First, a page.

Living without state structures was the norm in human history. When the State appears, living conditions change for semi-sedentary horticulturists, pushing many of them into fleeing taxes and war.
The arrival of agriculture as the principal means of subsistence, and of State society, came with new strategies for “bringing together the population”, such as the establishment of permanent villages, thus replacing open common property with closed private property.
Across the world, the phenomenon of enclosure aimed to make the peasantry and the periphery profitable, forcing peasants to contribute to the wealth of the empire and into commercial exchanges, in the name of “development” and of “economic progress”. In practice, this amounts to making their activities ratable, taxable and liable to seizure.
This enormous ungoverned periphery (Zomia) long constituted a threat for all the States present in the various valleys. It sheltered fugitive and mobile populations organized on a subsistence basis – gathering, hunting, peripatetic [nomadic] growing, fishing, small-scale livestock farming – which were fundamentally resistant to appropriation by the State. But the biggest threat for the States was the constant temptation and alternative that it represented for their own populations of slaves; that of a life beyond the reach of the State.
A massive majority of the population of the first States was not free. Many dreamed of escaping from taxes, feudal labor and a condition of servitude. In pre-modern conditions, the concentration of the population, the presence of domestic animals and their heavy nutritional dependence on a single variety of grain brought damaging consequences for the wellbeing of humans and harvests alike, making famine and epidemic commonplace. People also fled conscription, invasion and pillage, all very frequent in State-run spaces.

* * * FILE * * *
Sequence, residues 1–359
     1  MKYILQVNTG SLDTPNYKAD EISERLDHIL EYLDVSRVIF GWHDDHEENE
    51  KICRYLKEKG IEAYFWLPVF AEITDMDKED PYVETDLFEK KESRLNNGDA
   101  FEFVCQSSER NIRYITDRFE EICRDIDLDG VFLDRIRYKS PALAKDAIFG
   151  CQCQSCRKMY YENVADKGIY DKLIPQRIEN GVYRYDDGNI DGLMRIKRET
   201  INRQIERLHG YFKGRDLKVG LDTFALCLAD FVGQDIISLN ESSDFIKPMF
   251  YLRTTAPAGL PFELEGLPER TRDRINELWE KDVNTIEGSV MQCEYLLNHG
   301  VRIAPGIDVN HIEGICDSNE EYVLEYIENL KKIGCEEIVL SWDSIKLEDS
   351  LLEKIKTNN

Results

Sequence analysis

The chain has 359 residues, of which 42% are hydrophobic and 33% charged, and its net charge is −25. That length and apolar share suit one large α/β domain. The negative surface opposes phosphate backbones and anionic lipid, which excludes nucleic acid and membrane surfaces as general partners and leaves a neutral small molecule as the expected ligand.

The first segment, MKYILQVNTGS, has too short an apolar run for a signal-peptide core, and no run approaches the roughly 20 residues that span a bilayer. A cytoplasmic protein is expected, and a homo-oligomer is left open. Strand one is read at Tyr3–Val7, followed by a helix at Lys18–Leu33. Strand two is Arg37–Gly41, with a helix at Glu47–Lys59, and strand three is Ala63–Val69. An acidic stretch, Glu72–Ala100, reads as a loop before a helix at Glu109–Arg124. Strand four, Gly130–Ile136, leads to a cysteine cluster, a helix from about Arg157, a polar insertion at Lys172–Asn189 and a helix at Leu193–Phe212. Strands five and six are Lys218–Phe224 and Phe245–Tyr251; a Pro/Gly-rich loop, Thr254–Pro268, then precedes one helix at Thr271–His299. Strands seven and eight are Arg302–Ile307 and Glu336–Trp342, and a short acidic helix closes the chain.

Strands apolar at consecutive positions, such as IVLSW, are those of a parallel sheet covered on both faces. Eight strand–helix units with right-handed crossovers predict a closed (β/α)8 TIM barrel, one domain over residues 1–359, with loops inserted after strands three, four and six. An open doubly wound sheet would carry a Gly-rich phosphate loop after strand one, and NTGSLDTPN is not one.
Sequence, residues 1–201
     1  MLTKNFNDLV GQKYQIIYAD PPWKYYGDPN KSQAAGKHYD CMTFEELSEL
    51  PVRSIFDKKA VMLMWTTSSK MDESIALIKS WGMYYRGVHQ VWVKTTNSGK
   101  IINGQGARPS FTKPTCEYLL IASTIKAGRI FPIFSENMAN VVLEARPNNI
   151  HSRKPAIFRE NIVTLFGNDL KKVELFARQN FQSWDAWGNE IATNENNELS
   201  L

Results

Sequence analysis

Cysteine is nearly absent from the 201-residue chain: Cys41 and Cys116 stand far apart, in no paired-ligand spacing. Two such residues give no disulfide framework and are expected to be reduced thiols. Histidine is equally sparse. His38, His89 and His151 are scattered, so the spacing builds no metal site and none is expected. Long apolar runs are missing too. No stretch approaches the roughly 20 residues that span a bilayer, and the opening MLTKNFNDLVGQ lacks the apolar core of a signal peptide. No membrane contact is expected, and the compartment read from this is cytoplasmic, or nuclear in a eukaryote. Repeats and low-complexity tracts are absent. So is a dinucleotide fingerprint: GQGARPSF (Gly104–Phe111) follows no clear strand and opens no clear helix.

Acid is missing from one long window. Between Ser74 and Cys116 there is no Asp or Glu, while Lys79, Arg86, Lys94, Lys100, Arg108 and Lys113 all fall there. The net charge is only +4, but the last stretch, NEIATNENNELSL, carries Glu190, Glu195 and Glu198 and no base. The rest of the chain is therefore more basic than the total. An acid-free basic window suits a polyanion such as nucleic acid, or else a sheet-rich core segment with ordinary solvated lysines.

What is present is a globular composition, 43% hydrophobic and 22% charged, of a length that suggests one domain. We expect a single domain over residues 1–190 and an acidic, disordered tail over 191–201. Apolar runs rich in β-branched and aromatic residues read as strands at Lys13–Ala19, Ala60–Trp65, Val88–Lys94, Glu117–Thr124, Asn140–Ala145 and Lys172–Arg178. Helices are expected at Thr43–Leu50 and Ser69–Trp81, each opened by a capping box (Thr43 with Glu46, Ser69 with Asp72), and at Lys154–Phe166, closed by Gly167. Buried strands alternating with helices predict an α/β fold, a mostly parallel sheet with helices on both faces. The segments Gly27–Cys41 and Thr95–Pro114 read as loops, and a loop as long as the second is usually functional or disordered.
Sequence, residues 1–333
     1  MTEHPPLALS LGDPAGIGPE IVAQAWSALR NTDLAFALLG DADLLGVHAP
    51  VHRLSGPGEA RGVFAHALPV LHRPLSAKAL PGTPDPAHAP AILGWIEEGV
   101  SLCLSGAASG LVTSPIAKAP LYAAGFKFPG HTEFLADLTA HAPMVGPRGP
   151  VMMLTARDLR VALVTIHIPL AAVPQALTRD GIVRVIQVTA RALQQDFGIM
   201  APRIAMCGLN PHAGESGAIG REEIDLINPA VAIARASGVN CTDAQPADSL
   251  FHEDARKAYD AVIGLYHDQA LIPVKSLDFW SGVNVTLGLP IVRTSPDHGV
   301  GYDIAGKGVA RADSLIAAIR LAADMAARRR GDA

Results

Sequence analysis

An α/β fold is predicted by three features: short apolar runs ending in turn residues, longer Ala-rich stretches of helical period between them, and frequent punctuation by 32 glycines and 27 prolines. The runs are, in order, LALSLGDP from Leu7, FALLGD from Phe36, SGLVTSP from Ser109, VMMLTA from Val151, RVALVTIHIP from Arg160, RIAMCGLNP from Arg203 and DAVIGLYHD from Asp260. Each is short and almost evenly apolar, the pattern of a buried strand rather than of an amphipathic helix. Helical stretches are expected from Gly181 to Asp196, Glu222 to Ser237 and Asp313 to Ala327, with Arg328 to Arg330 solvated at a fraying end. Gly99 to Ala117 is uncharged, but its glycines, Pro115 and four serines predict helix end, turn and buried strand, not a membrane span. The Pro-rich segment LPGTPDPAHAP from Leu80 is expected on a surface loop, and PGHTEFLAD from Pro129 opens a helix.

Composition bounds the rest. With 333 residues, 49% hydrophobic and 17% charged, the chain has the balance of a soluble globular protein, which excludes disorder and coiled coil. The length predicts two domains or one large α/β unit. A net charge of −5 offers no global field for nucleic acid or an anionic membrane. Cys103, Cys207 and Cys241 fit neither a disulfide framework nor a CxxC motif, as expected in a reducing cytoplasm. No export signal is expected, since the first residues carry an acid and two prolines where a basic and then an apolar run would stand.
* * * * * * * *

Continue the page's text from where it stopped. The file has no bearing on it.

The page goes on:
The non-civilized chose their place, their subsistence practice and their social structure in order to maintain their autonomy. They were not “left” to one side by civilization, but should rather be seen as adaptations designed to escape both from capture by the State and from the formation of a State. In other words, these are political adaptations of State-less people to a world which consists of numerous States.
The history of the civilized is the history of the State and of sedentary agriculture. Cereal-growing on fixed fields is the foundation of its power. Peripatetic agriculture, slash-and-burn, was much more widespread in the hills and permitted crop diversity and physical mobility. Sedentary agriculture brought with it property rights, the patriarchal family enterprise, and encouraged big families. Cereal culture is inherently expansionist [ed. – see the companion piece to Return Fire vol.3; Colonization] and generates a surplus of population and the colonization of neighboring land, while being liable to famine and epidemic. However, as they had a constant need to keep the population together for work and war, States had to use generalized slavery to survive as ideological entities.